The front seats in the Volkswagen Golf Estate Sportline are of the sports type, with hip and side bolsters for extra support.
The front seats in the Volkswagen Golf Estate Sportline are of the sports type, with hip and side bolsters for extra support. They have height and lumbar adjustment. The test car came with the optional 'Vienna' leather upholstery in black, which replaced the Alcantara seat covers with Microfibre side bolsters and adds £1,810 to the OTR price.
On the subject of optional extras; one that I would certainly recommend is the panoramic sunroof, which is available right across the board. It adds £905 to the price but does make a big difference to the general ambience of the Volkswagen Golf Estate's cabin, although it isn't exactly dark and cave-like to start with.
The instrument panel has been redesigned for the new car; gone is the traditional blue backlighting to be replaced by white illumination to the dials, which is on whether or not the headlights are. The dials themselves sit in their own recessed cowls within a neatly hooded binnacle.
Alongside and into the soft-touch fascia, is a new centre console. It still remains a good example of Teutonic efficiency with well laid out switchgear and graphics panels.
The standard audio system is a single CD/radio with MP3 compatibility and four speakers at the front. The system in the Volkswagen Golf Estate SE and Sportline comes with eight speakers and an AUX socket. At these levels there is the option of a 6CD autochanger audio system with a 6.5-inch, colour touch-screen for £395. Add in satellite navigation with a 30GB hard drive, SD card reader, MP3 WMA and DVD reader and the price rises to £1,725.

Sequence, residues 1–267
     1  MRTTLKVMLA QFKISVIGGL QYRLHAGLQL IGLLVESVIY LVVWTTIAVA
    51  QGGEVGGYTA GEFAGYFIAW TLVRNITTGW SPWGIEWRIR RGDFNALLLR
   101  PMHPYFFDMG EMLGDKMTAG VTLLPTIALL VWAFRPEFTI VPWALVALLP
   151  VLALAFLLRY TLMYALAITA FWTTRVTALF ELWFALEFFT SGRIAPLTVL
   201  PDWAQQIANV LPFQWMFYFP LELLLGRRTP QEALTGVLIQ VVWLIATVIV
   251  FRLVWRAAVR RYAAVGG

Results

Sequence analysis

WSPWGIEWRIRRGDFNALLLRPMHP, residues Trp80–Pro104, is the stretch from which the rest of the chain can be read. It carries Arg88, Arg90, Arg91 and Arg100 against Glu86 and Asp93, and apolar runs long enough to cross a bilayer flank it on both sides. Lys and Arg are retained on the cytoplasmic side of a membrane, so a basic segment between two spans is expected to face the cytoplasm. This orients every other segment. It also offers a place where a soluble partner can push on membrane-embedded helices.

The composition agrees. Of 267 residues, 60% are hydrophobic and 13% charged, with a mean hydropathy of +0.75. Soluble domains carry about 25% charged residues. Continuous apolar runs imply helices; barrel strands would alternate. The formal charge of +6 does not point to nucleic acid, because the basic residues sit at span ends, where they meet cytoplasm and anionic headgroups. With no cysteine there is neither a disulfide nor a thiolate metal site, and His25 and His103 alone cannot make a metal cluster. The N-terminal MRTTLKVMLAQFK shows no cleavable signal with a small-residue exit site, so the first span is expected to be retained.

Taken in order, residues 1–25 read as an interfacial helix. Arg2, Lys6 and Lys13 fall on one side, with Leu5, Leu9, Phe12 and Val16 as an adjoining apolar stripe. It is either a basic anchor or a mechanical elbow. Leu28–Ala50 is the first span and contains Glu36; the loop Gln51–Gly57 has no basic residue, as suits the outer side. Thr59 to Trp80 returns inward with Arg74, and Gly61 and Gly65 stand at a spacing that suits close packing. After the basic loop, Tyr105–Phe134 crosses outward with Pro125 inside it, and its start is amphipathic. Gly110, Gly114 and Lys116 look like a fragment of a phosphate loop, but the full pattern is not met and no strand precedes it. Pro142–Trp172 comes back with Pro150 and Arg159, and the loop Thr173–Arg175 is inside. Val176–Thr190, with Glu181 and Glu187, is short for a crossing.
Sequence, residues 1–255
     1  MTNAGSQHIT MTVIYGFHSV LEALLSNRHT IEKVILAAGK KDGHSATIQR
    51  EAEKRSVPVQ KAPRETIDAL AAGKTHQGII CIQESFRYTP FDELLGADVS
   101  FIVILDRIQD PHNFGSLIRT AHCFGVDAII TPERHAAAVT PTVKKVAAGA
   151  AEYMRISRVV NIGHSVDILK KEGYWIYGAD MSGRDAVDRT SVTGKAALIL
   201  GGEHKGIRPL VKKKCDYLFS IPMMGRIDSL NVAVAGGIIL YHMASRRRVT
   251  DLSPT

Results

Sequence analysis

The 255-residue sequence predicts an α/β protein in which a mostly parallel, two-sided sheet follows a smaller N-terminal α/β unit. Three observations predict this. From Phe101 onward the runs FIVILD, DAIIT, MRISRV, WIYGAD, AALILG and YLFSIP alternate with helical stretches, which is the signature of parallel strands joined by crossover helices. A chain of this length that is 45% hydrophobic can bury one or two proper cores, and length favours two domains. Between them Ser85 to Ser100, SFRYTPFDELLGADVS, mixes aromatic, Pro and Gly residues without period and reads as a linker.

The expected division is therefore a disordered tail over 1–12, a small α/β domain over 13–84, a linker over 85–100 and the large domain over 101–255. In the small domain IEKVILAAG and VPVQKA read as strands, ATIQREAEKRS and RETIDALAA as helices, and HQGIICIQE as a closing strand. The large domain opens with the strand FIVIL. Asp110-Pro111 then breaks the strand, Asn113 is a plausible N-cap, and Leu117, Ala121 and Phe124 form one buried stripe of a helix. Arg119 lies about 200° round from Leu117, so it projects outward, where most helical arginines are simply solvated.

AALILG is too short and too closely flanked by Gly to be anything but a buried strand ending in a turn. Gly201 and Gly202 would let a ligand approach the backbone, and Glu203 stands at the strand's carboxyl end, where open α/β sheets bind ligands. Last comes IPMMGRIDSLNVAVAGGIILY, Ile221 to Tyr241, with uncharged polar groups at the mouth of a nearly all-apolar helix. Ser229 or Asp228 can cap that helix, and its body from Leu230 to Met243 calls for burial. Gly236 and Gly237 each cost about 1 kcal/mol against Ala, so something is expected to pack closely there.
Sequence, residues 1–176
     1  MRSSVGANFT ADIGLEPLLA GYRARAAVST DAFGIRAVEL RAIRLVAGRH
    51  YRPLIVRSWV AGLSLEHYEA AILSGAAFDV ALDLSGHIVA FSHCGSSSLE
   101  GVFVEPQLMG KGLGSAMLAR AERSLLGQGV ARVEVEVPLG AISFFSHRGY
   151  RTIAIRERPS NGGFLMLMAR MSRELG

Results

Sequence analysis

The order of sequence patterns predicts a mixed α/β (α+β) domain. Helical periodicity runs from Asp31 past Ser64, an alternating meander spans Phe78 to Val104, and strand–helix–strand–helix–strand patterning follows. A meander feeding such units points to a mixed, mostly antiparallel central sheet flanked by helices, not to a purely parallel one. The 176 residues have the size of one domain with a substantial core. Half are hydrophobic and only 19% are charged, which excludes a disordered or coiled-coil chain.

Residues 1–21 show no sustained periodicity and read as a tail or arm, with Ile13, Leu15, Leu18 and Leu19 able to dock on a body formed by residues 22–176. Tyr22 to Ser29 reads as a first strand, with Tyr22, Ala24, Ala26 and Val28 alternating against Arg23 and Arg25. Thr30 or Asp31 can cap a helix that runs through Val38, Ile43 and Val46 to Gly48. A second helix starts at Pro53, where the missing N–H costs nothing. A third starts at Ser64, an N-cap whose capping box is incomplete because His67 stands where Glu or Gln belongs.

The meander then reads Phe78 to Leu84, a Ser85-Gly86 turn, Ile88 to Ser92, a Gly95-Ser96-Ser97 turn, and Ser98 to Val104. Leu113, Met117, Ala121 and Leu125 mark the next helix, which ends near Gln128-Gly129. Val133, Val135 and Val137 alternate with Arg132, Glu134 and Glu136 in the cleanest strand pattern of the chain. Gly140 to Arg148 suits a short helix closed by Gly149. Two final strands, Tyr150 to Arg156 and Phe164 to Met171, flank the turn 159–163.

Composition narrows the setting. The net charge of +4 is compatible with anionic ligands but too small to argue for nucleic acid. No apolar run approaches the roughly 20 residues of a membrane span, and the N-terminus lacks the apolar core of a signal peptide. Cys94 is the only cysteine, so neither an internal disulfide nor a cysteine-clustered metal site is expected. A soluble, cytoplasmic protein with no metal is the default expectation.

The Volkswagen Golf Estate test car also came with the optional 2Zone electronic climate control system with automatic air recirculation that comes into play when the windscreen washers are activated or reverse gear is selected, so that exhaust fumes and the screen-wash odour doesn't enter the cabin. It's a thoughtful touch but for £775, I would have liked the system to be a little less temperamental - it was quite difficult to get the right balance of temperature and fan, especially on humid conditions.
A departure from the general ergonomic excellence was the parking brake handle, which in the test car, was right over on the left hand side, close to the front passenger seat, which meant that it was awkward to operate. Strangely, the photographs in the brochure show the automatic version with the parking brake next to the driver.
Volkswagen Golf Road Test Data
|Model Reviewed||Volkswagen Golf Estate 2.0 TDI Sportline|
|Performance (manufacturers data)|
|0 - 62 mph||9.7 seconds|
|Top Speed||130 mph|
|CO2 Emissions (NEDC Figures)||g/km|
|Economy (NEDC Figures)|
|Extra Urban||68.9 mpg|
|Euro NCAP Rating||TBA|
|Warranty||3 years / 60000 miles|
|Price (when tested on the 13/08/10)||£21,955|